educational or cultural missions. Our group flew to Havana on a charter

flight from Miami. According to our tour operator, about 350,000

Americans went to Cuba under such programs in 2012, and this year that

number is expected to double.

Bits of Cuban history and other factlets emerge in encounters with

historians and others. Christopher Columbus may have "discovered" the

island in 1492, but the Taino people preceded him, and most perished not

long after. The French arrived in Cuba after the Haitian revolution and

after Napoleon sold Louisiana territory to Thomas Jefferson's United

States in 1803; they started coffee plantations in the hills and kept

slaves, 12 to a stone-walled room no larger than the double-wide cubicle

in which I'm now writing. Slavery in Cuba ended in 1886, more than two

decades after the U.S. Civil War. The Partagas cigar factory makes five

of the best-known Cuban brands — Cohiba, Montecristo, Romeo y Julieta,

etc. — each a product of a secret blend of five different kinds of

leaves of varying character and quality; depending on the finished size,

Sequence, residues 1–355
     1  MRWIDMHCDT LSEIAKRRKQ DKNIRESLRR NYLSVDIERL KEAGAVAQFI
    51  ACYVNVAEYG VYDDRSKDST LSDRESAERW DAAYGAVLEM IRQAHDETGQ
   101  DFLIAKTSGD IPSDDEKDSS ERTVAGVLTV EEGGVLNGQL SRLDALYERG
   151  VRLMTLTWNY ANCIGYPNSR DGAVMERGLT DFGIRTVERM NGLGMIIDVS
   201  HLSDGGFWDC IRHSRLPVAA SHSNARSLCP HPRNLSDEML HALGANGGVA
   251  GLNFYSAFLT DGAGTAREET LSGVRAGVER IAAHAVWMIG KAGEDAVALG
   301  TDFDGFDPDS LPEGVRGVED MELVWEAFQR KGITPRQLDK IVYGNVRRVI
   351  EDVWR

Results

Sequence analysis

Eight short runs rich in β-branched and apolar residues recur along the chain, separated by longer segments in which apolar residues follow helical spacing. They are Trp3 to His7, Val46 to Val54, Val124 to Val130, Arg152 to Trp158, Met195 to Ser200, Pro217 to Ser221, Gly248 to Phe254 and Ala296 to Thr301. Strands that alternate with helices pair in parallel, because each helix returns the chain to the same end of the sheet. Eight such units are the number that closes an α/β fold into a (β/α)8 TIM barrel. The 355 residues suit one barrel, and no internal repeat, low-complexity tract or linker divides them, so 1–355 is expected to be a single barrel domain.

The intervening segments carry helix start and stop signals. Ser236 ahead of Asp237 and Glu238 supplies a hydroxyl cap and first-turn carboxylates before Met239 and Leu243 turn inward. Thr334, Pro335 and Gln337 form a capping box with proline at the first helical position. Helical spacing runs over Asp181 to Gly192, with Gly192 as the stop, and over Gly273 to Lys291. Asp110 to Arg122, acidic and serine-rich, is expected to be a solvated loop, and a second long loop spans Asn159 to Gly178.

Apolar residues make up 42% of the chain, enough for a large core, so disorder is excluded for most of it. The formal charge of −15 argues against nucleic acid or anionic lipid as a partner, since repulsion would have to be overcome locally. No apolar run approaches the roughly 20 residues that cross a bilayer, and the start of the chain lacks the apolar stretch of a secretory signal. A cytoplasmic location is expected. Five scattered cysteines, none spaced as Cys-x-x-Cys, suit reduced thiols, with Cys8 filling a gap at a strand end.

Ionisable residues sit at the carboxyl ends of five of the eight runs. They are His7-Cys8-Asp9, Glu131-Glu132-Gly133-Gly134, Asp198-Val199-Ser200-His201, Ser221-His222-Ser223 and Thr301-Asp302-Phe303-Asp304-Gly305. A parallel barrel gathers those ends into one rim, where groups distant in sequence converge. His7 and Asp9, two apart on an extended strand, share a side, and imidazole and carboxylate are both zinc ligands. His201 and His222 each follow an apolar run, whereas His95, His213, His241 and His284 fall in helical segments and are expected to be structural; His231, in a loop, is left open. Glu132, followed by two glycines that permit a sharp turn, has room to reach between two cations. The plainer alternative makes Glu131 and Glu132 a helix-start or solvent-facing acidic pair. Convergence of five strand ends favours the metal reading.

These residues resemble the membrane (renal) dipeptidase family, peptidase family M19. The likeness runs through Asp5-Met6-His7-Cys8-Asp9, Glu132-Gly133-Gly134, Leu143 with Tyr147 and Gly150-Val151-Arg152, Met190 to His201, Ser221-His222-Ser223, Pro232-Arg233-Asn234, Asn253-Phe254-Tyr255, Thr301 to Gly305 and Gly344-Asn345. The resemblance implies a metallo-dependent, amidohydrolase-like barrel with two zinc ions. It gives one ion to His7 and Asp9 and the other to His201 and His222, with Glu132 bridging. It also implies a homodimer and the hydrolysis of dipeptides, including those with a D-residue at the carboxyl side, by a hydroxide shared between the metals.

a veteran roller in the plant turns out an average of 80 to 120 cigars a


I walked with my significant other, who'd lined us up with this

painter-led tour, down the Calle Obispo, a pedestrian spine of Habana

Vieja, toward a group dinner one night. I stopped to peer into a

bookstore window, and was soon joined by a woman who sneered, in

English, that nobody reads books any more. "They can't afford it," she

said. I don't know whether she was trying to get my goat or lure a coin

from my pocket, but I let it slide and sauntered on. Down the way, the

Plaza de Armas is lined most days with vendors selling used books and

old movie posters. I'd swear I saw the very same books 10 years ago —

the many biographies of revolutionary hero Ché Guevara, the faded

Spanish translations of "The Old Man and the Sea." Maybe the woman had a

point; maybe the Cubans are bored with the same old books.

One must be patient on a packaged tour, especially one that, to satisfy

two antagonistic governments, requires your attendance at all events,

including forced marches through tchotchke land. (My first experience of

this was in Russia, after the putsch in 1991, where, in my memory, our